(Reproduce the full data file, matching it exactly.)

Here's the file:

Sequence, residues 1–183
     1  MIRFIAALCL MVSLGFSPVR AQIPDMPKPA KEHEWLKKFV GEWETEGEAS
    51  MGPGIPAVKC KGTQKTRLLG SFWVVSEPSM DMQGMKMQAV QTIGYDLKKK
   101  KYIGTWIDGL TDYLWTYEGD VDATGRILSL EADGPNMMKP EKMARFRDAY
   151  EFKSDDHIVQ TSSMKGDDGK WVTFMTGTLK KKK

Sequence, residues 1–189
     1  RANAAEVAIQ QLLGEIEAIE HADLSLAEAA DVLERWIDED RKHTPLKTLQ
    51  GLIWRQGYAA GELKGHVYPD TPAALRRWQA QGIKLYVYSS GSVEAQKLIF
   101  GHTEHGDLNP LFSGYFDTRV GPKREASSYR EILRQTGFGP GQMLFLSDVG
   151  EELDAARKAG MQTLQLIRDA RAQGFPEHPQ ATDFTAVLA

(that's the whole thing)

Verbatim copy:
Sequence, residues 1–183
     1  MIRFIAALCL MVSLGFSPVR AQIPDMPKPA KEHEWLKKFV GEWETEGEAS
    51  MGPGIPAVKC KGTQKTRLLG SFWVVSEPSM DMQGMKMQAV QTIGYDLKKK
   101  KYIGTWIDGL TDYLWTYEGD VDATGRILSL EADGPNMMKP EKMARFRDAY
   151  EFKSDDHIVQ TSSMKGDDGK WVTFMTGTLK KKK

Sequence, residues 1–189
     1  RANAAEVAIQ QLLGEIEAIE HADLSLAEAA DVLERWIDED RKHTPLKTLQ
    51  GLIWRQGYAA GELKGHVYPD TPAALRRWQA QGIKLYVYSS GSVEAQKLIF
   101  GHTEHGDLNP LFSGYFDTRV GPKREASSYR EILRQTGFGP GQMLFLSDVG
   151  EELDAARKAG MQTLQLIRDA RAQGFPEHPQ ATDFTAVLA